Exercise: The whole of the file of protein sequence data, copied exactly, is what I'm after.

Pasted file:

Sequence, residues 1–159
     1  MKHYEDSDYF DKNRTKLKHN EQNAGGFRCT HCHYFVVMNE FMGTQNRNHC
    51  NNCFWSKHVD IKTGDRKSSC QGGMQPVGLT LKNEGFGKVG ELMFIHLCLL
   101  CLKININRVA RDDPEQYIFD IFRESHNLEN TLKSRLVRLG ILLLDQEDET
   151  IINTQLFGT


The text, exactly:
Sequence, residues 1–159
     1  MKHYEDSDYF DKNRTKLKHN EQNAGGFRCT HCHYFVVMNE FMGTQNRNHC
    51  NNCFWSKHVD IKTGDRKSSC QGGMQPVGLT LKNEGFGKVG ELMFIHLCLL
   101  CLKININRVA RDDPEQYIFD IFRESHNLEN TLKSRLVRLG ILLLDQEDET
   151  IINTQLFGT